It is the contention of this survey that the mid-century upheavals smashed traditional loyalties but that the parish clergy and their overlords, when restored, reverted to type and failed to heed the lessons of the 1640s/50s. Problems from outmoded parochial boundaries to pluralism and working into old age remained unaddressed, depriving the church of the vigorous ministry needed in the changed circumstances of post-restoration Britain.
Sell, Alan P.F. 1989 0-7734-9931-8 732 pages Reveals the diversity of English Dissenting thought. Some essays treat such themes of perennial importance to Dissenters as the nature of the Church and the relations between Church and state. Others show how, in the eighteenth century, doctrinal changes prompted by the Enlightenment influenced church life on the ground. The essays concerning the nineteenth century reveal the varied responses of prominent Dissenters to the shift of theological landmarks associated with the rise of modern biblical criticism and evolutionary thought. Finally, there are essays which demonstrate the continuing relevance of Dissenting thought to current ecumenical debate. Will be of interest to Dissenters, students of Christian thought, and ecumenists.
Payne, Reider 2010 0-7734-3789-4 376 pages Examines Church patronage in late-eighteenth century Britain, during the administrations of Lord North (1770-1782) and the first government of William Pitt the Younger (1783-1801). The clergy were one of the foremost of the Hanoverian professions, with its patronage a source of interest to the King, politicians, the landed elite and the universities. By concentrating on the appointments of clergy below the bench of bishops, the book gives a clear account of the complex relationships and criteria which underlay the four patronage networks. It will greatly increase our understanding of the established Church of England in the later-Hanoverian period.
Dackson, Wendy 2004 0-7734-6433-6 308 pages The thought of William Temple (1881-1944) (Archbishop of Canterbury 1942-1944) is highly esteemed and often referenced by the Anglican theologians who have come after him. However, because Temple’s work is often considered to be limited to his time and place, his writings have rarely been used as a foundation on which later theology can be constructed. The author disagrees with this judgment on the limits of Temple’s thought. This book explores a way in which Temple’s writings can be used to develop an understanding of the nature and tasks of the Church, primarily as that Church is situated in Western, industrialized, democratic nations.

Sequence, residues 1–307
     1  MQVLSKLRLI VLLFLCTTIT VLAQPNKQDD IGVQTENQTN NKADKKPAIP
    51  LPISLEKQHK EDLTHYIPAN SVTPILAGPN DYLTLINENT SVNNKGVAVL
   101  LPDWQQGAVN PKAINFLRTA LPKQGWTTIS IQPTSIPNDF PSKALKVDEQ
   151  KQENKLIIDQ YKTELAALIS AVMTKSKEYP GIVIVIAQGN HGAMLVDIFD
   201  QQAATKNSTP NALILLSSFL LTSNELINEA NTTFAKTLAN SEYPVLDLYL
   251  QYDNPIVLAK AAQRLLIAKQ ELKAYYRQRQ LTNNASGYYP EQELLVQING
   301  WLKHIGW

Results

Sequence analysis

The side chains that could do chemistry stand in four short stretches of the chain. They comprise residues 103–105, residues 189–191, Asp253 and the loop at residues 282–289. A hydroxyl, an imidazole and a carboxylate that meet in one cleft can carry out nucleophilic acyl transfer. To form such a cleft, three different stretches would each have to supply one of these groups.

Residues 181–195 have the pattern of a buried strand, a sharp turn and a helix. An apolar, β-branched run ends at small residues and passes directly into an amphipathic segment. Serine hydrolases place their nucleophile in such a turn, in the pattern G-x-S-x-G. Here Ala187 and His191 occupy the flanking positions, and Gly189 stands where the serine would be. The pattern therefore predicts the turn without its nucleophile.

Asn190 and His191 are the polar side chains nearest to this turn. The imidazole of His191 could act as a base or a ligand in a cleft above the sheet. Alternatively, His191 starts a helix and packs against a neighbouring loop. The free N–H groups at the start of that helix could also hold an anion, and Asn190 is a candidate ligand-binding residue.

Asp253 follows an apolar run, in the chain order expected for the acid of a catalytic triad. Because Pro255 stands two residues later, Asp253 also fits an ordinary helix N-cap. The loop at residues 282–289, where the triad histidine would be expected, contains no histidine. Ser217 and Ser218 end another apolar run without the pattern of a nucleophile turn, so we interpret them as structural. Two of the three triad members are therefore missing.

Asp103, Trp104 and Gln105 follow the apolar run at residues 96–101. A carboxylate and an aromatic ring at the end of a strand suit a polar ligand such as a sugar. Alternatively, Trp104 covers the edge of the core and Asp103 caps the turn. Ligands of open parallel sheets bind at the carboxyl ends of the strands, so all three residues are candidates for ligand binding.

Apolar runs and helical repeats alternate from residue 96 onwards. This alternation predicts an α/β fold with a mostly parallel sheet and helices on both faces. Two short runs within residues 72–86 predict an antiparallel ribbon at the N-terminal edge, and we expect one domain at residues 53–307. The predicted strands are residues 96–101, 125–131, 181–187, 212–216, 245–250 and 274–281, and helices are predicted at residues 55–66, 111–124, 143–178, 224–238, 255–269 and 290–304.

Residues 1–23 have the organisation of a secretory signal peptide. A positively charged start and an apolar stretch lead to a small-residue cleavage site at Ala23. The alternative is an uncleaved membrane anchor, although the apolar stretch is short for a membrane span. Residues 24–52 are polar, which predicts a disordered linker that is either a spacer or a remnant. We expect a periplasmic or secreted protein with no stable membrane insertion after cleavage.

The method of study is a “tradition-constituted” inquiry. This acknowledges the impact of specific written sources on Temple’s thought. However, it places greater emphasis on an attempt to understand the intellectual, spiritual, social and political influences to which he does not explicitly refer, but which have shaped his character and manner of thinking. Such influences would be both “high” and popular culture, participation in family and community life, and contact with a long spiritual tradition of preaching and worship.
There are few extended essays in which Temple’s ecclesiology is set forth, and this has led scholars such as Ronald Preston and Alan Suggate to conclude that Temple had no distinctive vision of the Church. However, a reading across the majority of Temple’s writings indicates that this view must be challenged. A careful reading of Temple’s works, treated synchronically, can produce a doctrine of the Church that is deeply engaged with the social and political life of a democratic nation. Such an ecclesiology points to the Church’s responsibility both to uphold and critique the nation, thereby enabling and encouraging it to grow in conformity with the biblical vision of the Kingdom of God.
Temple’s work provides a different ecclesiology from those offered by other modern Anglicans. This ecclesiology is at once more engaged than that proposed by John Milbank, and more humble and realistic than that envisioned by Oliver O’Donovan.
Cornwall, Robert D. 1997 0-7734-8537-6 260 pages Before his appointment in 1689 as Bishop of Salisbury, Gilbert Burnet had served as Professor of Divinity at Glasgow University, and during his exile in Holland he had served as a chaplain and advisor to William and Mary. Burnet accompanied William to England during the invasion that led to the change in monarchs. They rewarded Burnet with his episcopal see. His Discourse of the Pastoral Care, first published in 1692, with a new preface and chapter added to the third edition of 1713, was a pastoral care manual for ministers of the Church of England, and was in use throughout the 18th and well into the 19th century. Since the church had lost the power of coercive discipline, the treatise attempted to show pastors how to exert moral and spiritual discipline through the reliance on reason and moral persuasion. This critical edition provides an introduction to the life and thought of Gilbert Burnet, and provides an annotated text, giving biblical and bibliographical citations, as well as definitions of archaic terms.